silent seymour
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silent seymour

Band Alternative Rock


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"Strong Silent Type"

It may have been luck, or the way that the four
guys known together as Silent Seymour found
each other may have been work of the cosmos.
Josef Thomas took out a classified ad in
March of 2002 looking for other musicians to
play with, at the same time Greg Serpanchy,
Patrick Antonik and Daniel Cannistra were
looking for someone to sing. The four came
together faster and more effectively than a
wealthy widow finds a potential partner. “We
just tried out two songs for each other, got
together and it worked out well,” explains
Thomas, the raspy voiced singer and guitarist.
“Although it kind of reeked at first, it got better
as the years went on.”
Silent Seymour played their first gig at the 360
in Toronto, moments after convincing the club
owner to let them play. The band struggled to
come up with a name to fit their spacey,
crunchy and melodic sound. “So, we played our
first gig without a name. We called the owner
two weeks later and gave him our name: The
Common Folk. What a shitty name,” deadpans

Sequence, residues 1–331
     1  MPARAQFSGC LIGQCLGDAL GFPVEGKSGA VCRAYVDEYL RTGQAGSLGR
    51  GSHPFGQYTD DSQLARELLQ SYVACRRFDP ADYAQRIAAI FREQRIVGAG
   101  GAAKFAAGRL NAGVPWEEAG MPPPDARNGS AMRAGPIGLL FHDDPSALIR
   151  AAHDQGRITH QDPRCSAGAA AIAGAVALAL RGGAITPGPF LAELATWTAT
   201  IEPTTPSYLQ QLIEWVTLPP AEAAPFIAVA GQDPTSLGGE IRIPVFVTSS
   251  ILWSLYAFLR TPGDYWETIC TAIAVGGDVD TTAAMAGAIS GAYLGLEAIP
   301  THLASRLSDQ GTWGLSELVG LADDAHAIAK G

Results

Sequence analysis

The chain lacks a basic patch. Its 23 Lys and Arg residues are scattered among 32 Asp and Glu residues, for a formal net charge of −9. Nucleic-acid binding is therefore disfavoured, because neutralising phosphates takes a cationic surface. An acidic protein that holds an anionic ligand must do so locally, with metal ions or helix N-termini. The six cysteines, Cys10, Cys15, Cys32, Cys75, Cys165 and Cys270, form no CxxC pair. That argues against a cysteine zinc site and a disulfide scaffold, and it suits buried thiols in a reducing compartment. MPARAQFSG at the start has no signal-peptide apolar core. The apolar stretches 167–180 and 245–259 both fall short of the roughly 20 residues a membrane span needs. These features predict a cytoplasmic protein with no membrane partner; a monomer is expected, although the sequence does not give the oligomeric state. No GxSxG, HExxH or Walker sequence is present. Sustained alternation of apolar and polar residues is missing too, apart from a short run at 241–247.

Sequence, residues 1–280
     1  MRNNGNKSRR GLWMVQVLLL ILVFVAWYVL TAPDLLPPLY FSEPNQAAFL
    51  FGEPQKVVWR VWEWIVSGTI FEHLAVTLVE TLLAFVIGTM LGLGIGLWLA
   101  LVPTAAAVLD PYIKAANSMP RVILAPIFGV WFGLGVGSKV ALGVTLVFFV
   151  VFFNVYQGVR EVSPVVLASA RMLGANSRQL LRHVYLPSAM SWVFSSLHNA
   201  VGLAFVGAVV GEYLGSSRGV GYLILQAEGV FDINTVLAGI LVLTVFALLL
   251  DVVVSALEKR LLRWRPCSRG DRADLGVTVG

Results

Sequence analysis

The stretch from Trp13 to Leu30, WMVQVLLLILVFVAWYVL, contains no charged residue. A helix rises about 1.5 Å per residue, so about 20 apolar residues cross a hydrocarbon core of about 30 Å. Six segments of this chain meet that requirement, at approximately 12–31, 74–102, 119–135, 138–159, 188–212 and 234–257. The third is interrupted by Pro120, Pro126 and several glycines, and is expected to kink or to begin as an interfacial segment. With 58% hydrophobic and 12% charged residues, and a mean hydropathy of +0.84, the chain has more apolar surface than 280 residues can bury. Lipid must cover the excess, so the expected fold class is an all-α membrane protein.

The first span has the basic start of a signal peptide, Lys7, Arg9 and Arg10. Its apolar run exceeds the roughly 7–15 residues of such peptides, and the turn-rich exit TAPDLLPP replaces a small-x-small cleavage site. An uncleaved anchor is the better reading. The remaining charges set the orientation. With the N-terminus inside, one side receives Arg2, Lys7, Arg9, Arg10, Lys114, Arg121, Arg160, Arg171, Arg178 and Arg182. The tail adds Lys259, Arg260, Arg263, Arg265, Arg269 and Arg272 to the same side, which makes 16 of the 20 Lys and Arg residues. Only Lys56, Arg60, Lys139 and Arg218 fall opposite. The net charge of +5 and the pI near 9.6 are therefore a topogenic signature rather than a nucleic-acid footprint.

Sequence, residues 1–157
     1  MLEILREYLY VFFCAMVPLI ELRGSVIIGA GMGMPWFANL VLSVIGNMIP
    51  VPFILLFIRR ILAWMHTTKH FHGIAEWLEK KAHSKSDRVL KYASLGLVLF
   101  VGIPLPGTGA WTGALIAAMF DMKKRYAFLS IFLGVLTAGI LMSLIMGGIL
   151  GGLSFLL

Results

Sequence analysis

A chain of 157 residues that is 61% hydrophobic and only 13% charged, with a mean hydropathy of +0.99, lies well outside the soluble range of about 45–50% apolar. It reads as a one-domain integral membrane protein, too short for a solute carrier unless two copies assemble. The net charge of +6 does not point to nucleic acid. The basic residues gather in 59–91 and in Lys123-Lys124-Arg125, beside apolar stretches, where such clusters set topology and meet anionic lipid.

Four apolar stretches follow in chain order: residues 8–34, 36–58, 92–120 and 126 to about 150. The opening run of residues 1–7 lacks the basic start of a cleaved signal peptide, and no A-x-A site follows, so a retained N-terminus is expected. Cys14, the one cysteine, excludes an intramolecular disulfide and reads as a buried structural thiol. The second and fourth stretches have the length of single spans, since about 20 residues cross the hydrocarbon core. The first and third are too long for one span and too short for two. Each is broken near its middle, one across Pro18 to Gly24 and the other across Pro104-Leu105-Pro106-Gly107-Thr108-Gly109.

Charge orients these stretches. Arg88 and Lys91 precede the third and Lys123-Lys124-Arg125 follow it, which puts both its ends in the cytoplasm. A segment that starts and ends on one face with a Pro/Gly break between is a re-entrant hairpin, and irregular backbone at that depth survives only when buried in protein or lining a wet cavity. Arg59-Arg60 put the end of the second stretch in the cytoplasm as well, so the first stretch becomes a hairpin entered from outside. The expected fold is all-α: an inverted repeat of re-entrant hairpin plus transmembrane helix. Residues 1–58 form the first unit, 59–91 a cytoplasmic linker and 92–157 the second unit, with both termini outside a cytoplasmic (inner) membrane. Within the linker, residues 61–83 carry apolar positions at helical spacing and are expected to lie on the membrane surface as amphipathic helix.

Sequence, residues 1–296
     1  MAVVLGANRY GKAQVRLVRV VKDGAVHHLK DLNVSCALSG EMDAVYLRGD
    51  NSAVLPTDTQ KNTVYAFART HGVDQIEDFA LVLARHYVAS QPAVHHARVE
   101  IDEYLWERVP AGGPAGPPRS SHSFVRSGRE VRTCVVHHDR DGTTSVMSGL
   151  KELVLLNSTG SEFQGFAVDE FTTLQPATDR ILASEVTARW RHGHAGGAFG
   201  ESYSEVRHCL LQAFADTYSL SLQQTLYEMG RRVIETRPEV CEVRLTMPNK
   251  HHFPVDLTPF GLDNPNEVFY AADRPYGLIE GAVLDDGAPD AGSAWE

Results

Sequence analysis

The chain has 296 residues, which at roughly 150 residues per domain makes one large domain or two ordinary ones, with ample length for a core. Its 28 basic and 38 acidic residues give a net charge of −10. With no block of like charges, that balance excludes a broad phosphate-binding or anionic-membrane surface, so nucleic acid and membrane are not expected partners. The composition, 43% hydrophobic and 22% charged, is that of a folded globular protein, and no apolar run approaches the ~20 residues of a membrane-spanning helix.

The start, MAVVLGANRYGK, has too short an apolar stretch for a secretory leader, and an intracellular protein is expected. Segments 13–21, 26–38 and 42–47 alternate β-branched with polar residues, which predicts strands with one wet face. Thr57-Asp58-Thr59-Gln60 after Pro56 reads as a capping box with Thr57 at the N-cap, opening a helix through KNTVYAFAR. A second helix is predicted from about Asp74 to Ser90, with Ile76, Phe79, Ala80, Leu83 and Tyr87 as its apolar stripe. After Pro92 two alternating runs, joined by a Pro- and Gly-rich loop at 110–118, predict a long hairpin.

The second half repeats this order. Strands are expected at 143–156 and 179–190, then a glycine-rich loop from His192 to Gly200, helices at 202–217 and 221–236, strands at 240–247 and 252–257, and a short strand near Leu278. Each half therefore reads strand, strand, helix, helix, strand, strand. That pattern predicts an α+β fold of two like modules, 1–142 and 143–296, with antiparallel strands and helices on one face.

Thomas. “There was, like, 10 people there; it
was fun though.”
Since the band’s early moments, they’ve torn
through bundles of songs that they no longer
play; either because they feel Silent Seymour
has outgrown the song or they don’t have fun
playing them. “There are some songs that will
find a way back into the set. There’s a couple
songs that some band members don’t want to
play and we’re pretty diplomatic, If one person
doesn’t want to play the song, we won’t play it,”
explains Thomas.
Seymour’s first album, Rocket to Regina was
released in 2005 and includes a handful of
catchy rock anthems that could have easily
been thrown into a radio set alongside such
grudge luminaries as Dinosaur Jr or even
Wilco. “So when does the next album, Fucking
to Fredricton, come out?” I ask.

“We actually had an idea to write 10 albums
and each one would have a name that
referenced a specific place in Canada, like